Grand Theatre, Wolverhampton, Tuesday 13th December, 2016
This year’s panto may be the Grand’s most lavish for years, containing moments of spectacle and glamour, but of course what matters most is the cast. Qdos Entertainment has gathered a fine ensemble of familiar and not-so-familiar faces, all of whom go all out to deliver the goods.
In the title role is Joe McElderry, last seen on these boards as an excellent Joseph. He sings like an angel from pop heaven, to be sure, but can he handle the comedy? The answer is an unqualified yes. McElderry is a natural for the panto style and makes an affable, adorable hero. Lucy Kay is a beautiful Princess with a voice to match (her duets with McElderry are especially good); Adam C Booth’s Wishee Washee is a highly energised crowd pleaser and Ian Adams’s Widow Twankey is an old-school dame, played to perfection. Lisa Riley, in great shape, is an amusing Slave of the Ring, bluff, Northern and friendly, but it is the Lazy Empress, played by Doreen who almost steals the show, giving Old Peking a decidedly and inescapably Black Country flavour. Doreen also proves she is more than a one-trick pony (or should I say ‘oss’?) with a song-and-dance number that defies her supposedly lazy persona. A real treat is Stefan Pejic’s delicious Abanazar. Pejic plays the villain with such relish you can’t help liking him! Ben Faulks is fun as PC Ping Pong, although if you don’t know of his children’s TV gardening-based series, some of the references leave you a bit cold. Neal Wright’s smart-talking Genie of the Lamp is a great surprise.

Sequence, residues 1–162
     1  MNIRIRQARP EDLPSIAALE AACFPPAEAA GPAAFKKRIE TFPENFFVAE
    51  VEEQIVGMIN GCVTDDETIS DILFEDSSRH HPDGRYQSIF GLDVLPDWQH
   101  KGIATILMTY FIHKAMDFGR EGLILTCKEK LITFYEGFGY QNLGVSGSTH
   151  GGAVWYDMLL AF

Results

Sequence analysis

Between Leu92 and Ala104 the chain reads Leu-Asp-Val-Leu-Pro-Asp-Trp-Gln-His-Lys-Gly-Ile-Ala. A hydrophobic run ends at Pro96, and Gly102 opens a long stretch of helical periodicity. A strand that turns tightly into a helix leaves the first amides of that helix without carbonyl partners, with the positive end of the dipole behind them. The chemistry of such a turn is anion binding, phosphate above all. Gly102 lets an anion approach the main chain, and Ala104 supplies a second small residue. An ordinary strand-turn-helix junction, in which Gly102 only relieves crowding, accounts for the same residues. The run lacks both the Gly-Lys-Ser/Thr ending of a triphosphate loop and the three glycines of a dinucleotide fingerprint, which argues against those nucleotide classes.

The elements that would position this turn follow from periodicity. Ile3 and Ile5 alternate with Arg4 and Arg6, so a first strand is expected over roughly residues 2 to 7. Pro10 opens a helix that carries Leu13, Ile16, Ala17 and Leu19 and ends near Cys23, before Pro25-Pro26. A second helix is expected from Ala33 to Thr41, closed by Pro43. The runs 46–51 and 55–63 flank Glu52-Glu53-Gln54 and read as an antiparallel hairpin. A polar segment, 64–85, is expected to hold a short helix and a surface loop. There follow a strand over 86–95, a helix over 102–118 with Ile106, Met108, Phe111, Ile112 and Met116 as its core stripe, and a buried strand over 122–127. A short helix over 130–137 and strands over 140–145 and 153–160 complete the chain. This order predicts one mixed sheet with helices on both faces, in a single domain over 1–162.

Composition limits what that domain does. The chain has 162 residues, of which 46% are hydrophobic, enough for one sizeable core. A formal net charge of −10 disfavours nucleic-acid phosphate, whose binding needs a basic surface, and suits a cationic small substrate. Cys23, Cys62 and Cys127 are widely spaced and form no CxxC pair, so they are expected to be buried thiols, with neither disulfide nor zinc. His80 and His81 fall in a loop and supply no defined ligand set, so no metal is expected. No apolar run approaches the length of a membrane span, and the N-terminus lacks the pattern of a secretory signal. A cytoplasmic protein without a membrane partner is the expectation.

Michael Harrison and Alan McHugh’s script is faithful to the story – the bizarre mash-up of Arabian Nights and Chinese kitsch – while allowing for contemporary touches and moments of wonder. We’ve seen flying carpets before but not like this one, but it’s a comic song routine about alternative employment for the characters that brings the house down.
Kelvin Towse leads a tight group of musicians. The glamorous dancers are complemented by kids from the Classic Academy of Dance. The belly laughs don’t stop coming and the impetus never flags.
This production is excellent value and unrelenting fun. You couldn’t wish for a better show.